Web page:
Calif. city wants judge rebuked for releasing video of police shooting
A chief who didn't want the public to see video of a fatal OIS that led to a nearly $5M settlement wants the judge who released the video admonished
PASADENA, Calif. — A California police chief who didn't want the public to see video of his officers killing an unarmed man that led to a nearly $5 million settlement wants the judge who released the video admonished.
Lawyers for the Gardena chief are scheduled to argue before an appeals court Monday that a Los Angeles federal court judge abused his authority by releasing the footage before they could get a higher court to intervene.
A ruling by the 9th U.S. Circuit Court of Appeals will not have a practical impact on video of the fatal shooting of Ricardo Diaz-Zeferino because the footage has been public for more than a year and a half.
Judge Stephen V. Wilson ordered the video released it in 2015 after saying it was important for the public to see whether the shooting was justified and so taxpayers could understand why the LA suburb paid $4.7 million to settle a lawsuit with Diaz-Zeferino's family and a friend who was injured.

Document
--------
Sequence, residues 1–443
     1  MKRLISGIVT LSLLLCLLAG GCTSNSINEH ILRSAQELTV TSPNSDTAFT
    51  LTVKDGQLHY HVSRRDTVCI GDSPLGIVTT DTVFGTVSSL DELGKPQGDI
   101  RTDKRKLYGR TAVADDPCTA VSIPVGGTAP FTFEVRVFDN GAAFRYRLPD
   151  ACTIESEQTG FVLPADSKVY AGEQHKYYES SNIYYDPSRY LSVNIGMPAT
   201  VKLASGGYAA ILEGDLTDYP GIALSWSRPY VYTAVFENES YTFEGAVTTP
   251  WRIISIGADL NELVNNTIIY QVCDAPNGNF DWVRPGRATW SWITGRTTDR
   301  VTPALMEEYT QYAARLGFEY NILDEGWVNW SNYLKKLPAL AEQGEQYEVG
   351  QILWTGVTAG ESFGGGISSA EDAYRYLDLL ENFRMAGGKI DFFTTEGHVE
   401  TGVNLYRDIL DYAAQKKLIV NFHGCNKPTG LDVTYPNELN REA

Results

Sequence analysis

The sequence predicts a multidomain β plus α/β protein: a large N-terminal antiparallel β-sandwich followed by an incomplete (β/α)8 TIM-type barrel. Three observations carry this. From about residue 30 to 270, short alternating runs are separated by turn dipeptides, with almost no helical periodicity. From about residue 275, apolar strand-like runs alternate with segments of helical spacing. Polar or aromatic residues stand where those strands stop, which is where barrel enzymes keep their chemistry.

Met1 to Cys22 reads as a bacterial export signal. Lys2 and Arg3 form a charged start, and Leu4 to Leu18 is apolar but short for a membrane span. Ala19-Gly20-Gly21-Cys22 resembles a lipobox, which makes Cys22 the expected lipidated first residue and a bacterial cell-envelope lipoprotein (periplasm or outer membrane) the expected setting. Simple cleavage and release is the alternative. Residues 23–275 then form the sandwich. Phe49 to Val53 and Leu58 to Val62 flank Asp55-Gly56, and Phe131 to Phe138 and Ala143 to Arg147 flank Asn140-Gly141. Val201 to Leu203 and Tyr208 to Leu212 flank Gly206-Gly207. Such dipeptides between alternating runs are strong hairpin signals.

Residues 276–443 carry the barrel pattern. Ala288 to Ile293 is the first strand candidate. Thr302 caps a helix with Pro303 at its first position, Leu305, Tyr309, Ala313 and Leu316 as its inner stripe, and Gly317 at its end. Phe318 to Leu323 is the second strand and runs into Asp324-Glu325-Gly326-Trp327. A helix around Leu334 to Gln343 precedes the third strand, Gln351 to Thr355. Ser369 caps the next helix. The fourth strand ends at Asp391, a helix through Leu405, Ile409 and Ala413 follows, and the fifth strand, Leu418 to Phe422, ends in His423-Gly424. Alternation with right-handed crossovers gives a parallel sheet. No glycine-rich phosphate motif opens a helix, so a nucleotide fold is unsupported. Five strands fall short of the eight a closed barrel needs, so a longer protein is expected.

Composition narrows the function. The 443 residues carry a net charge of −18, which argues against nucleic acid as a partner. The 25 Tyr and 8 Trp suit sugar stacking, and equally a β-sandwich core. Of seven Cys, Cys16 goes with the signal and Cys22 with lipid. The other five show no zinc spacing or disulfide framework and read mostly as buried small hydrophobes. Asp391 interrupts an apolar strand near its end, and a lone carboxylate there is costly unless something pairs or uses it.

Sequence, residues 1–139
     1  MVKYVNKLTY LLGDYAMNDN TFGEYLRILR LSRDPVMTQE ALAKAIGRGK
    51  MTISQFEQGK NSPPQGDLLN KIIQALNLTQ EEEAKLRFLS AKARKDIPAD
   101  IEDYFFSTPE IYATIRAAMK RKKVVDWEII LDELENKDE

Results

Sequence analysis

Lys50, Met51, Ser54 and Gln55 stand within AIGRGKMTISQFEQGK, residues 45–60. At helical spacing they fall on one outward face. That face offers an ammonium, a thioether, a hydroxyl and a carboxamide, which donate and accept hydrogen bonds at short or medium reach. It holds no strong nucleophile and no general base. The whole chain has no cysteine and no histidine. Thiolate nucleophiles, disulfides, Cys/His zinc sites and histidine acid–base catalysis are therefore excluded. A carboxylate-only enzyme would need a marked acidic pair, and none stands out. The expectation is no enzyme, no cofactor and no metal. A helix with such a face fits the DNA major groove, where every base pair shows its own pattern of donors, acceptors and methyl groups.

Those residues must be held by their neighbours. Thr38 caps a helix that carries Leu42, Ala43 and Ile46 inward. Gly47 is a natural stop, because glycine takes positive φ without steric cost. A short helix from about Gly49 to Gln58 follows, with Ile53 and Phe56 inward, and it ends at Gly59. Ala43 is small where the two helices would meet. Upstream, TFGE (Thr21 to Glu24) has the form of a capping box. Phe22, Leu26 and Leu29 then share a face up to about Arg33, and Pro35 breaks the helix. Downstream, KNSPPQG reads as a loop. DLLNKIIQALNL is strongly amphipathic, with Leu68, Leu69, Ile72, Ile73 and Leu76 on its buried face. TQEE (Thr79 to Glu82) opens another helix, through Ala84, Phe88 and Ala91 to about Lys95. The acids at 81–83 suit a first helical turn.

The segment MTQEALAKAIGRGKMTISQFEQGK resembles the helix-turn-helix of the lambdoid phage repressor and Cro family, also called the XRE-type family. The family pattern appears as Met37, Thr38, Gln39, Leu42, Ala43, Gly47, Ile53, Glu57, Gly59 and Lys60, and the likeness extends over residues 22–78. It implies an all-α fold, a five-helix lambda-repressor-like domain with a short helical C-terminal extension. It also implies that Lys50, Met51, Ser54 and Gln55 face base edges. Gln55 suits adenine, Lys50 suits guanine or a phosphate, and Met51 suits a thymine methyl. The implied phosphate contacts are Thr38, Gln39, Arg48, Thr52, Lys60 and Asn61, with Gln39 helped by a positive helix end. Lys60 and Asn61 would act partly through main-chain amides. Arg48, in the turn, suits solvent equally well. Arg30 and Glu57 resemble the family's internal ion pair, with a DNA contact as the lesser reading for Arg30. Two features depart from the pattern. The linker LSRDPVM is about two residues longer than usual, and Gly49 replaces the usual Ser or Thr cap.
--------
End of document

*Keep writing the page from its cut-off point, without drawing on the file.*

The videos were sought by lawyers for The Associated Press and other news media organizations at a time when intense public scrutiny was beginning to be focused on police shootings nationwide. The news media argued the videos should be unsealed under a First Amendment right to access court documents.
The city wants the court to deem that in future cases a stay should be granted automatically to allow an appeal.
But attorneys for AP, the Los Angeles Times and Bloomberg argued in court papers that the city didn't deserve a stay because it had little chance of winning an appeal on the merits of the case and didn't properly request a stay of execution. They also said the appeal is pointless because the video was widely published.
Diaz-Zeferino had been searching for his brother's stolen bicycle early the morning of June 2, 2013, when he and two other friends were stopped by officers. The theft had erroneously been relayed by dispatchers as a robbery, raising the possibility suspects could be armed.
The footage showed Diaz-Zeferino, who was drunk and had methamphetamine in his system, failing to follow police orders to keep his hands up. The video shot from two cruisers showed him lower his hands three times despite an officer yelling, "Get your hands up."
One camera showed he had his palms open and facing upward in front of him as he removed his ball cap and lowered his hands a final time. Footage shot from the side showed his right hand briefly disappear from view at his waist as shots were fired and he crumpled to the pavement.
The officers said they feared he was reaching for a weapon. Prosecutors said the shooting was justified and declined to bring charges.